Mercy and thanks.
Homily 448 – 37th Sunday After Pentecost
Holy Transfiguration Orthodox Church, Ames, Iowa
February 21, 2021
Epistle: (296) 2 Timothy 3:10-15
Gospel: (89) Luke 18:10-14
In the Name of the Father, and of the Son, and of the Holy Spirit, One God.
Few parables capture the essence of human existence and the relationship with our Creator better than the Publican and the Pharisee.
In the Pharisee, we can witness many of the passions on display. Passions, as a reminder, are those aspects of humanity, warped by the fall, that serve self – that is, our ego – and not God.
The difference between a passion and a blessed part of human nature is one of giving thanks. In giving thanks, we understand that we are not independent. We are not self-sufficient. We are all dependent on God for everything we need, and everything we have.
In and of ourselves, we have nothing.
This is a very common theme throughout the New Testament, and most of the Old Testament as well.
St. Paul says that one plants, one waters, one harvests – but it is God who provides growth.
The first settlers knew that God was the provider of everything. That was abundantly clear to them. First, in the seasons. Seasons of abundance, seasons of drought.
All serve to remind the early settler that although for the most part, they did not receive help from others, they could not create a forest or rocks or soil or seed on their own.
None of the necessities of life.
It is exactly the same for us, although we are significantly more removed from the process than they were. We go to the grocery store and buy the fruit of their labor. Even then, it is God’s provision that makes it available. The producers realize that every moment of every day. We are a bit removed.
It is part of the command to give thanks in everything, for this is the will of God in Christ Jesus concerning you, as written in St. Paul’s first letter to the Thessalonians.
It is this very cycle that we call the Divine Liturgy – the Eucharistic worship. Eucharist, meaning thanksgiving.
We take what God gives – growth of wheat, growth of grapes – and we add to that our own effort. We produce bread and wine. It is the offering of ourselves, made of the material of God’s choosing: the earth, the sky, the waters.
Bringing it here, to this place, we offer it to God in thanksgiving for giving it to us. And He, our God and Creator, accepts our offering, the offering of ourselves, and He returns it to us as Himself – the body and blood of Christ.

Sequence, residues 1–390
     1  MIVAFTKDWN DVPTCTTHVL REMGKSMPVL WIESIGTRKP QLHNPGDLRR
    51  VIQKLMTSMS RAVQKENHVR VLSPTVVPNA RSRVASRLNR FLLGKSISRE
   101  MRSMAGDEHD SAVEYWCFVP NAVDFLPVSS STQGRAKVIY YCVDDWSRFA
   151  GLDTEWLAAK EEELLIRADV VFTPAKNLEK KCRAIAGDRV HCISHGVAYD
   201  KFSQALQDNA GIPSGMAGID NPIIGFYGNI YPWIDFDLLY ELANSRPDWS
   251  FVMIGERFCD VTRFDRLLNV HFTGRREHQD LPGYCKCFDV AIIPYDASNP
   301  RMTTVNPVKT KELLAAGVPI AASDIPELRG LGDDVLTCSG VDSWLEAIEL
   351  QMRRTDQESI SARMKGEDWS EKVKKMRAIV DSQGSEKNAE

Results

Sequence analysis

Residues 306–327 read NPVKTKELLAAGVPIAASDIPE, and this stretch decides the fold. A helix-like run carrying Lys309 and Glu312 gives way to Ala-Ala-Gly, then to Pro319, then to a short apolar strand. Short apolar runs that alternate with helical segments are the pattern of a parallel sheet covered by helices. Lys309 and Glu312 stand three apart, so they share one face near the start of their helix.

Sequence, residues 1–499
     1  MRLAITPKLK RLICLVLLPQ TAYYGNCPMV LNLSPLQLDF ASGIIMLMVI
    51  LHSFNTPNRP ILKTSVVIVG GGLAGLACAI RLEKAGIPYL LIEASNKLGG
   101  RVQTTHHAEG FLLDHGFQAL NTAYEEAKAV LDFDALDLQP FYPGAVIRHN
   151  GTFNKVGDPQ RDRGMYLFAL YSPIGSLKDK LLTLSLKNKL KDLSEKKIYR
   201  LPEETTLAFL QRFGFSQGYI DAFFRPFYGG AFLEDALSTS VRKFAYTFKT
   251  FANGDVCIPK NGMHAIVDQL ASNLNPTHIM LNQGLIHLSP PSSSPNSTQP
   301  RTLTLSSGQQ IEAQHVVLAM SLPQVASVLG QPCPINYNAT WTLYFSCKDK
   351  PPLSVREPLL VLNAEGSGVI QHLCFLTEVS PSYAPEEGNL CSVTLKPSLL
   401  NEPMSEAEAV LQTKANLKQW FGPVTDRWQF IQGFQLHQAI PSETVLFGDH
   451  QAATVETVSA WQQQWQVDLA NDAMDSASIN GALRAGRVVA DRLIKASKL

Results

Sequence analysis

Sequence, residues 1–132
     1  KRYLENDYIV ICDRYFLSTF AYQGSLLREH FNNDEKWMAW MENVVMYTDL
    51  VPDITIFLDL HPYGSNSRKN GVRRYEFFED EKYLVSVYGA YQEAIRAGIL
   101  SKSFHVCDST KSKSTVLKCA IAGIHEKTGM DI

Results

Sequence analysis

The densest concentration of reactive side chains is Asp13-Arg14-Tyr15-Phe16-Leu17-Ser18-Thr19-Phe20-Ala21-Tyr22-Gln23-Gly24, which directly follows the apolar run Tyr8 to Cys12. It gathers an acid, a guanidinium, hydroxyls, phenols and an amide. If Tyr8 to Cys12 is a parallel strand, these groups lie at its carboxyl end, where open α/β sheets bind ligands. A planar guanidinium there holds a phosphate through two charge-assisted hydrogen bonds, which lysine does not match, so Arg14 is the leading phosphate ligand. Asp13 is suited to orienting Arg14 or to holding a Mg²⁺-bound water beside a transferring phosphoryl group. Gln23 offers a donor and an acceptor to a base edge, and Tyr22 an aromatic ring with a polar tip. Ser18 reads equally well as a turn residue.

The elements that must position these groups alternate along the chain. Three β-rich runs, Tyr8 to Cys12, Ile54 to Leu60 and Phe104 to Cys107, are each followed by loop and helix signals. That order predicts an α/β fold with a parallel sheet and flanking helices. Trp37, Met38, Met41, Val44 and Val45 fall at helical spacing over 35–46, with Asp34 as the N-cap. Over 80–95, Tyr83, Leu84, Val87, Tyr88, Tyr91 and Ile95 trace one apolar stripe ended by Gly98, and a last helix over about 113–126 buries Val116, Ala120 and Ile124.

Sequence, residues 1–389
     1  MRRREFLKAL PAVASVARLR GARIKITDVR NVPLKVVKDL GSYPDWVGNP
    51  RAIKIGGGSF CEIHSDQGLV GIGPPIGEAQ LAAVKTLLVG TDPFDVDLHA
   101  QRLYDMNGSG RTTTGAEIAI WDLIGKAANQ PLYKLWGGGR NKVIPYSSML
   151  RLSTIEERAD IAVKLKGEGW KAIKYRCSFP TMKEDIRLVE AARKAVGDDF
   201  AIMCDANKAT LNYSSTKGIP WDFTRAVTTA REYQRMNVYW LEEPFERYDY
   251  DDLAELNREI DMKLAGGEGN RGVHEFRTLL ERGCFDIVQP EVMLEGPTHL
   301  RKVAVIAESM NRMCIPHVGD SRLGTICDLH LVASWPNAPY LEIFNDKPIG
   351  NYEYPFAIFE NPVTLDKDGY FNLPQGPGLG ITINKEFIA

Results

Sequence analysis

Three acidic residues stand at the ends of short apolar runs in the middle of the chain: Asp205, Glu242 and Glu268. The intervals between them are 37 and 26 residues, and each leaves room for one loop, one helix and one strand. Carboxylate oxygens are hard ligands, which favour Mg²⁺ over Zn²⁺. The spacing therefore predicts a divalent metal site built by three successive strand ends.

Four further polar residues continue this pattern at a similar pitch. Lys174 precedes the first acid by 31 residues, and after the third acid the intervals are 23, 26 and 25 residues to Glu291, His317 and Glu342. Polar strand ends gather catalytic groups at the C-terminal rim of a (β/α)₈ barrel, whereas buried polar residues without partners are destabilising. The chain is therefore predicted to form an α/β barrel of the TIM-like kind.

He takes us and returns it to us as Christ. It isn’t just the bread and wine that changes. We change. We offer ourselves, and we are given back Christ.
We become Christ. Really. Truly. Amazingly.
Now the Pharisee didn’t recognize this truth when he gave thanks. He gave thanks that he was unlike other humans. Better than other humans. Because he complied with the Law.
Except he was like other humans, and he didn’t comply with the Law. His offering of thanksgiving was for something false. He made it about himself, giving thanks to God for his own ego, his own self-gratification, his own pride.
There is another part of prayer, also. If we recognize what we deserve, and give thanks to God for everything, we ask God for mercy.
We are never able to provide mercy for ourselves or grace for ourselves. It seems non-sensical to even think about. Mercy and grace come from God.
The publican, the hated tax collector, the despised government official and agent, recognizes that of himself he is nothing. But – critically – God is a God of mercy, and this mercy tempers justice, and grace tempers punishment.
And as such, the publican is justified, and not the religious zealot – the Pharisee.
The Pharisee does mention that he fasts twice a week and gives tithes, and he obviously attends the obligations of the Temple and the prayer life without fail. Yet, he is confused.
These disciplines are live-giving, in the sense that they help us to deny ourselves and follow God, but they are not the end. They are exercises, making us stronger so that we may in fact be able to live the life God created us to live.
A life of self-denial and service to others. A life of love toward others. A life of humility.
It is for this reason that we do not fast this week. We ignore the rules of the fast, not in celebration as we do at the Nativity, or during Bright Week.
We ignore the rules of the fast this week as a reminder going into Great Lent. These disciplines will not save us. Our salvation is not found in them alone.
Rather, we rely on God’s grace, and God’s mercy for our salvation. These tasks help us to restore what were passions to their proper place in the order of ourselves – subject to God, with our desires and our will subject to God.
We offer ourselves to Him. In this offering of bread and wine, and in the offering of every moment of every day that we exist, for our very existence is at His will and desire, not our own.
And we give thanks to God, not for us, or even what He has given us.
We give thanks to God for His mercy. Lord Jesus Christ, Son of God, have mercy on me, a sinner.
In the Name of the Father, and of the Son, and of the Holy Spirit, One God. Glory to Jesus Christ!